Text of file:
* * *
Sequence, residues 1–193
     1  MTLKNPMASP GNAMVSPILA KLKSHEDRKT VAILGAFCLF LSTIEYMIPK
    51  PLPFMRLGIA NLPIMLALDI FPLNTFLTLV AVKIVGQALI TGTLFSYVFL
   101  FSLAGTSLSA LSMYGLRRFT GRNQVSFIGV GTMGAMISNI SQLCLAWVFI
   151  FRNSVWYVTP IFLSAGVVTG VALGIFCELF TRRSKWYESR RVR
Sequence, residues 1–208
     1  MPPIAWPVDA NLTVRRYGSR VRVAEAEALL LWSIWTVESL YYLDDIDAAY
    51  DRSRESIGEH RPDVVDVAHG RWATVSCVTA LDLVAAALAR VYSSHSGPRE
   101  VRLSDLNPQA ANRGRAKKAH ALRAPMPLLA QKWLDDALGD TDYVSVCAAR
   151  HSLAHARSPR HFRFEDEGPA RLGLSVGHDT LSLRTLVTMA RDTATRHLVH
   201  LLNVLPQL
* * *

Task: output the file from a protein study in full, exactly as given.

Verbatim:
Sequence, residues 1–193
     1  MTLKNPMASP GNAMVSPILA KLKSHEDRKT VAILGAFCLF LSTIEYMIPK
    51  PLPFMRLGIA NLPIMLALDI FPLNTFLTLV AVKIVGQALI TGTLFSYVFL
   101  FSLAGTSLSA LSMYGLRRFT GRNQVSFIGV GTMGAMISNI SQLCLAWVFI
   151  FRNSVWYVTP IFLSAGVVTG VALGIFCELF TRRSKWYESR RVR
Sequence, residues 1–208
     1  MPPIAWPVDA NLTVRRYGSR VRVAEAEALL LWSIWTVESL YYLDDIDAAY
    51  DRSRESIGEH RPDVVDVAHG RWATVSCVTA LDLVAAALAR VYSSHSGPRE
   101  VRLSDLNPQA ANRGRAKKAH ALRAPMPLLA QKWLDDALGD TDYVSVCAAR
   151  HSLAHARSPR HFRFEDEGPA RLGLSVGHDT LSLRTLVTMA RDTATRHLVH
   201  LLNVLPQL